The FDA has drafted new recommendations on the development of drugs to treat pediatric patients with HIV meant to be applied on a global scale.
The FDA has drafted new recommendations for the development of drugs to treat pediatric patients—those age 4 weeks to 17 years—with HIV. The recommendations aim to help sponsors understand when it’s appropriate to begin pediatric formulation development and to initiate pediatric studies assessing antiretroviral (ARV) drugs in the patient population.
Approximately 2.1 million children are living with HIV, of which only 43% have received ARV therapy, according to the draft guidance. HIV treatment consists of a combination of ARV treatments, typically 3 products from at least 2 classes.
Dosing recommendations for ARV therapies are consistent across adults and adolescents—those age 12 to 17—so sponsors should include adolescents in efficacy trials either alongside adults or in a separate adolescent study, the agency argues. They recommend that pediatric formulation development should begin as soon as the adult dose is selected based on results of phase 2 trials.
For nonadolescent pediatric patients—those age 4 weeks to 12 years—sponsors should enroll study cohorts in parallel rather than in series, unless a drug product has a specific safety or drug disposition factor that merits a different approach. For these patients, enrollment and dosing selection should be based on weight, rather than age, and weight-bands should align with those defined by the World Health Organization (WHO).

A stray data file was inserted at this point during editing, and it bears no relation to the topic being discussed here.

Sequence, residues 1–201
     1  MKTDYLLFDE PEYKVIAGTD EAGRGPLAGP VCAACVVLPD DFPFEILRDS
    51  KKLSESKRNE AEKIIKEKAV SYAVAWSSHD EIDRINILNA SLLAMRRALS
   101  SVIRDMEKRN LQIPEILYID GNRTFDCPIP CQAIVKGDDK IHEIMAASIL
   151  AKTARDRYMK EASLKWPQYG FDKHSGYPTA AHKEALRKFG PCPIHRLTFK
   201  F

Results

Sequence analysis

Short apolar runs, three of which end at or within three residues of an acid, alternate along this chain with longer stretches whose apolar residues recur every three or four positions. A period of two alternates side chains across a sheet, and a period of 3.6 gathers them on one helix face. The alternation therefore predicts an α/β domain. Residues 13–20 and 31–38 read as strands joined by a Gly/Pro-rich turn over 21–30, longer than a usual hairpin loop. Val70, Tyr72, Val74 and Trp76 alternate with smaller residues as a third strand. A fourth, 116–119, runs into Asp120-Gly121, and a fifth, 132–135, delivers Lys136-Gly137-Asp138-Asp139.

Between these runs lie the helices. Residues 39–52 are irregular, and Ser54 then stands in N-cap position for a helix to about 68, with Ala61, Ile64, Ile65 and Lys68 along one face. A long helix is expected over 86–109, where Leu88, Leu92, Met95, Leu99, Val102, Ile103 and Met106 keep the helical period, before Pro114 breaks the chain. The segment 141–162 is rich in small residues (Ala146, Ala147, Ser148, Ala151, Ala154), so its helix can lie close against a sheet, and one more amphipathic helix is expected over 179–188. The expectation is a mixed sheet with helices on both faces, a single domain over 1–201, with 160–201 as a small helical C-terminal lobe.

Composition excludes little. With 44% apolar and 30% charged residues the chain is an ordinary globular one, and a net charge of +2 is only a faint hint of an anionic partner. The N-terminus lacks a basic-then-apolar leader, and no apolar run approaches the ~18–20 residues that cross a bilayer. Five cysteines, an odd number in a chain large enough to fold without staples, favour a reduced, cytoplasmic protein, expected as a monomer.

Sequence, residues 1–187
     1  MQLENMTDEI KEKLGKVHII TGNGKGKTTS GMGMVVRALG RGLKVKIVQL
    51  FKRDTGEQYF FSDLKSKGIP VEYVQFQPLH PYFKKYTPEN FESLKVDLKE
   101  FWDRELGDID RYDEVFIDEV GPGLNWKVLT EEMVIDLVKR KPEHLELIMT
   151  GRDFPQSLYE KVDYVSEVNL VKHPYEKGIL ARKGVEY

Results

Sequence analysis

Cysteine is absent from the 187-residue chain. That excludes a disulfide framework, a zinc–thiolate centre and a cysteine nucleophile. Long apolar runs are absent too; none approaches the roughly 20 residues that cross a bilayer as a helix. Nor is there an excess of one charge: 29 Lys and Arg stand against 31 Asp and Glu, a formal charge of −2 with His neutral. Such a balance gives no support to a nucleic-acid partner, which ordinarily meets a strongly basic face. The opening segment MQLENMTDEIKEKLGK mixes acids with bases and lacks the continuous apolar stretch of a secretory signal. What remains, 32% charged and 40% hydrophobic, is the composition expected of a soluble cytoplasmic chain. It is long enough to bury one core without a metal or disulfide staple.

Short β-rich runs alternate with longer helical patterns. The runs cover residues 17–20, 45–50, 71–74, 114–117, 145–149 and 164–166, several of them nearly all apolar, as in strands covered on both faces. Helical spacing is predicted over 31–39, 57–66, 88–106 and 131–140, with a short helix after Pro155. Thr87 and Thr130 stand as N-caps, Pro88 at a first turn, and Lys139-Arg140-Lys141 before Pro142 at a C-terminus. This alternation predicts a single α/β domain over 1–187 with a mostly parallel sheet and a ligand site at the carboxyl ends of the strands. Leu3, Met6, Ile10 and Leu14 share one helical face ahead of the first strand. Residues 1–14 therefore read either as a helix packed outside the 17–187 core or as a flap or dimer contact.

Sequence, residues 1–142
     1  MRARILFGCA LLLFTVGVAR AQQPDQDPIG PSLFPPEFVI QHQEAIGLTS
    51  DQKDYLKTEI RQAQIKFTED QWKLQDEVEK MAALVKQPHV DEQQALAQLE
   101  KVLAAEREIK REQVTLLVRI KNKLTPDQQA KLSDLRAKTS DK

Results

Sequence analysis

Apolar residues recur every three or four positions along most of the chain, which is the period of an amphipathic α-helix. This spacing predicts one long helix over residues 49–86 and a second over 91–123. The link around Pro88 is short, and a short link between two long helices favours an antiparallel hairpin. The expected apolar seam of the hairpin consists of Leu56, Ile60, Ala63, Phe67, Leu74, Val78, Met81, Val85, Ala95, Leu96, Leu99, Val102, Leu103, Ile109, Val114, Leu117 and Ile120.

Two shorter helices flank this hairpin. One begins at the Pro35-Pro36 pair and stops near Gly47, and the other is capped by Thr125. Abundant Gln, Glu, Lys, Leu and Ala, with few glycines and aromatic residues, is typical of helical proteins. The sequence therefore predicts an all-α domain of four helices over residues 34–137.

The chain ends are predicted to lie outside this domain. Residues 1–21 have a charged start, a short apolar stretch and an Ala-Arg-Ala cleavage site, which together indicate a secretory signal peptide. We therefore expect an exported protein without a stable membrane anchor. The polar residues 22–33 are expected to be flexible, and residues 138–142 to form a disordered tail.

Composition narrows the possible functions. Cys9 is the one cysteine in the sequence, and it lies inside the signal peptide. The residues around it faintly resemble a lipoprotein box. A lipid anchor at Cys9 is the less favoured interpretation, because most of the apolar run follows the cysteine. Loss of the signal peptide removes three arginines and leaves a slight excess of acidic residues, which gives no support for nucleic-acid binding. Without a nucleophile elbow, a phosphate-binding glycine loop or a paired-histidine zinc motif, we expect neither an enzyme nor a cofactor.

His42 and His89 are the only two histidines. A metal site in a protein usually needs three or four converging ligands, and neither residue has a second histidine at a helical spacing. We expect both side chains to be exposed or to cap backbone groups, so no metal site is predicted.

“Approval of a new pediatric formulation, when safety and pharmacokinetics in children have already been studied using a previously approved formulation, may be supported by a bioavailability/bioequivalence study in adults that show that bioavailability of the 2 formulations is comparable,” stated the guidance. If bioavailability is not comparable, 1 or more of the following may be needed to support approval: dose adjustments, scientific rationale to support the difference in bioavailability, or an additional trial.
The guidance concludes by encouraging sponsors to have early discussions with WHO, nongovernmental organizations, FDA, and other regarding plans to develop drugs for pediatric patients with HIV.